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Memphis ex-pats Reigning Sound return; newbies Rainy Day Manual debut.

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Love and Curses - The Reigning Sound - (In the Red)
  • Love and Curses The Reigning Sound (In the Red)

The first Reigning Sound studio album in five years isn't as sonically arresting as 2004's Too Much Guitar. It isn't as covered in record-shop pixie dust as 2002's Time Bomb High School. And it isn't as compellingly moody as 2001's folk-rockish Break Up, Break Down. In other words, it's the most mundane Reigning Sound album ever. Or it would be if one simple, gorgeous song after another is "mundane."

If Greg Cartwright had been fortunate enough to come of age in the late '50s or early '60s, he might have been the equal of Buddy Holly or Roy Orbison. As it is, he'll have to settle for being the most musically skilled, least affected, and most soulful purveyor of pre-Beatles-style rock-and-roll the world now knows — in other words, a cult artist. I think his new band lacks the snap of the Memphis version, but the singer and the songs are still exquisite.

Most of Love and Curses treads standard Cartwright territory: '50s/'60s pop/rock with nods to soul and Dylan/Byrds-style folk rock. And there are great new songs in this vein:

"Call Me," with its insolent delivery and surf/rockabilly riff; "The Bells," which wraps elegant wordplay in a tight little melodic package; and "Broken Things," a new Cartwright classic with Dylan organ, subtly revving garage-rock rhythm, and a slippery lyrical delivery that twists into bolder-than-usual territory ("And when humanity fails/They won't cut and run/Cause they can't even tell/When the damage is done").

But there are also a couple of unexpected detours. The stomping "Stick Up for Me" sounds like Cartwright's going topical: "Don't you think that the millions/Are getting tired of being governed by so few/They send you out to fight their war/While they stay home to control you." Except it's the album's only cover, of a garage-rock obscurity (original band: the Glass Sun), and it's actually more than 40 years old, which I suppose is part of the point.

The album-closing "Banker and a Liar" is an original and one that references gypsy music before launching into mid-'60s Dylan imagery and delivery ("And if their money don't fulfill you/There are medicines that will do/All the thinking for you so you can relax").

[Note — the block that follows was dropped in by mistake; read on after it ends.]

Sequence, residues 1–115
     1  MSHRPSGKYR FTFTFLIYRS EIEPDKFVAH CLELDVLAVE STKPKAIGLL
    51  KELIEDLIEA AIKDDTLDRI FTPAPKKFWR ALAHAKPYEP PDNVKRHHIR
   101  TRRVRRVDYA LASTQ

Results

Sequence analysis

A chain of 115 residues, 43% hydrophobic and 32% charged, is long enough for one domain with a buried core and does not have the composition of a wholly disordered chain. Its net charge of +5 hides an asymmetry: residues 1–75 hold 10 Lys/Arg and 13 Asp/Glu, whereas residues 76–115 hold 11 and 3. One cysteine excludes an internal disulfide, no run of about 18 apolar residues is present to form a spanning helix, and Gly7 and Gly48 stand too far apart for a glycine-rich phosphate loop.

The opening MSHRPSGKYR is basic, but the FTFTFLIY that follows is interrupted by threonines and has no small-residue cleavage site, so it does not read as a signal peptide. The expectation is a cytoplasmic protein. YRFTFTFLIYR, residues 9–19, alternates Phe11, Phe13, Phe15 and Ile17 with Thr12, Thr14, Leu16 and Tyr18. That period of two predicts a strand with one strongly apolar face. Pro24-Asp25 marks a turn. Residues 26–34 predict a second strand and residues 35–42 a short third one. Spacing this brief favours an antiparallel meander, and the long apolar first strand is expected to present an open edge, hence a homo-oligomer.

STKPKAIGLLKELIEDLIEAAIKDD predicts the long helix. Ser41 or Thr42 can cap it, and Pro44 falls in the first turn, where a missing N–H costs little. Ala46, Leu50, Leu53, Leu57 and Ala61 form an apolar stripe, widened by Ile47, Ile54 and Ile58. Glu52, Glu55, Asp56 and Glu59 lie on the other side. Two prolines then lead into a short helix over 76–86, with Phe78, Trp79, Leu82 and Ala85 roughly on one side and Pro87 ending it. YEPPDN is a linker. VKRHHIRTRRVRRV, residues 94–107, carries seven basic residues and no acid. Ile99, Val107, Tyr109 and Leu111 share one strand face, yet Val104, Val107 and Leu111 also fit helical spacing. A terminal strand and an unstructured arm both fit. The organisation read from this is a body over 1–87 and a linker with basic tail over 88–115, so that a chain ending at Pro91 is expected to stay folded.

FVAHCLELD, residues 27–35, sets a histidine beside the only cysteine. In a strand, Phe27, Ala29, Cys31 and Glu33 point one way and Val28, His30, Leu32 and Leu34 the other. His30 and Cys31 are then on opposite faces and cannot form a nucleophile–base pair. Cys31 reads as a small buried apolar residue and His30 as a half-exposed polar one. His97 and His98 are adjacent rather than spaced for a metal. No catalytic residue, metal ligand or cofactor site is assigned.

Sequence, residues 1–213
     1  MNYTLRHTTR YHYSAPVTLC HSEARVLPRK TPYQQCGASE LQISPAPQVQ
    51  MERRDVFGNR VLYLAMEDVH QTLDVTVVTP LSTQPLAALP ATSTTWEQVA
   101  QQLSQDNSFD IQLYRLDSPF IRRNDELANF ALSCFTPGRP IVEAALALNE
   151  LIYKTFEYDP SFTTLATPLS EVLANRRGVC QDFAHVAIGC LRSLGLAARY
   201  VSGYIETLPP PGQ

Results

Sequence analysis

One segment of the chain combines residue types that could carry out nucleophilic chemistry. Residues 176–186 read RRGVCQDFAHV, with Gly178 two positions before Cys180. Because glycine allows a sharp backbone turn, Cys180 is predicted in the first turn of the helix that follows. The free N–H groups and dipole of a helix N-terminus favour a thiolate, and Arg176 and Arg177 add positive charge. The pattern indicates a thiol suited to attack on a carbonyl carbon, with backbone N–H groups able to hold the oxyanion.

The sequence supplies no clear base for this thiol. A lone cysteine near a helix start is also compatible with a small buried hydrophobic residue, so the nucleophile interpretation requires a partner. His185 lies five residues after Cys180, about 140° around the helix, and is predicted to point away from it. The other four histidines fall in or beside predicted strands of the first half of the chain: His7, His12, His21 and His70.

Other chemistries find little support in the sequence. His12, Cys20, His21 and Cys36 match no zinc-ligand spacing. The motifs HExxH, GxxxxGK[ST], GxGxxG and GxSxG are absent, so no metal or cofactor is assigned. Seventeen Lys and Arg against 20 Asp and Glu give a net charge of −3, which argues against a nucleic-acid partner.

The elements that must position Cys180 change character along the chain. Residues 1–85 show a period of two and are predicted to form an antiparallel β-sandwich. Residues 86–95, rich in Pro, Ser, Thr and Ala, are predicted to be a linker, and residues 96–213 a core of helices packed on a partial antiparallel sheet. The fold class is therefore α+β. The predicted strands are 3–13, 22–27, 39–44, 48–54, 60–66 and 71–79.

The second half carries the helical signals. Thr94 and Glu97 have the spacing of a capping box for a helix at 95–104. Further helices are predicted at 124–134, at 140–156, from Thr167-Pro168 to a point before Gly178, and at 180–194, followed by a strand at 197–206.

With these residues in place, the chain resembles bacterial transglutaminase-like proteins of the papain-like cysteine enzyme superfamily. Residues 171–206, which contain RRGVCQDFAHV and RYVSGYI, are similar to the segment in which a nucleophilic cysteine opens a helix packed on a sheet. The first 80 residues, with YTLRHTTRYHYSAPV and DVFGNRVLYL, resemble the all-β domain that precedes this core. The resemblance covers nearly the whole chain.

Cartwright has been in town over the past few months playing reunion gigs with his earlier Memphis bands the Oblivians and Compulsive Gamblers. It's been awhile since the Reigning Sound returned, but Cartwright & Co. will look to rectify that with a November 14th gig at the Hi-Tone Café. Grade: A-

Vox a Copia - Rainy Day Manual - (no label)
  • Vox a Copia Rainy Day Manual (no label)

Though you can hear echoes of hand-me-down Big Star or the Beatles in the mix if you really try, local four-piece Rainy Day Manual is really a thoroughly modern band, their lack of grounding in any kind of roots, punk, or classic-rock tradition distinguishing them from most of the rock bands plying their trade in Midtown clubs.

The band's official debut, the five-song, 22-minute EP Vox a Copia, was recorded primarily at Ardent Studios and boasts a cleanness and density of sound designed for commercial radio. That's a difficult place for new rock bands to end up, but it wouldn't be surprising if Rainy Day Manual made it.

I like the guitars on this record most when they're bright (as on the opening to "Speak and Stand") rather than when they get heavy, and I like the music better generally when it winds up in a tight rhythm rather than when it spreads out into atmospherics. In these moments, with Chris Faulkner's powerful, versatile vocals up top, the band reminds me a little of Maroon 5, one of the better recent Top 40 guitar bands. — Grade: B

Rainy Day Manual celebrates the release of Vox a Copia with a CD-release show Saturday, October 3rd, at Neil's. Jamie Randolph & the Dark Horse open.

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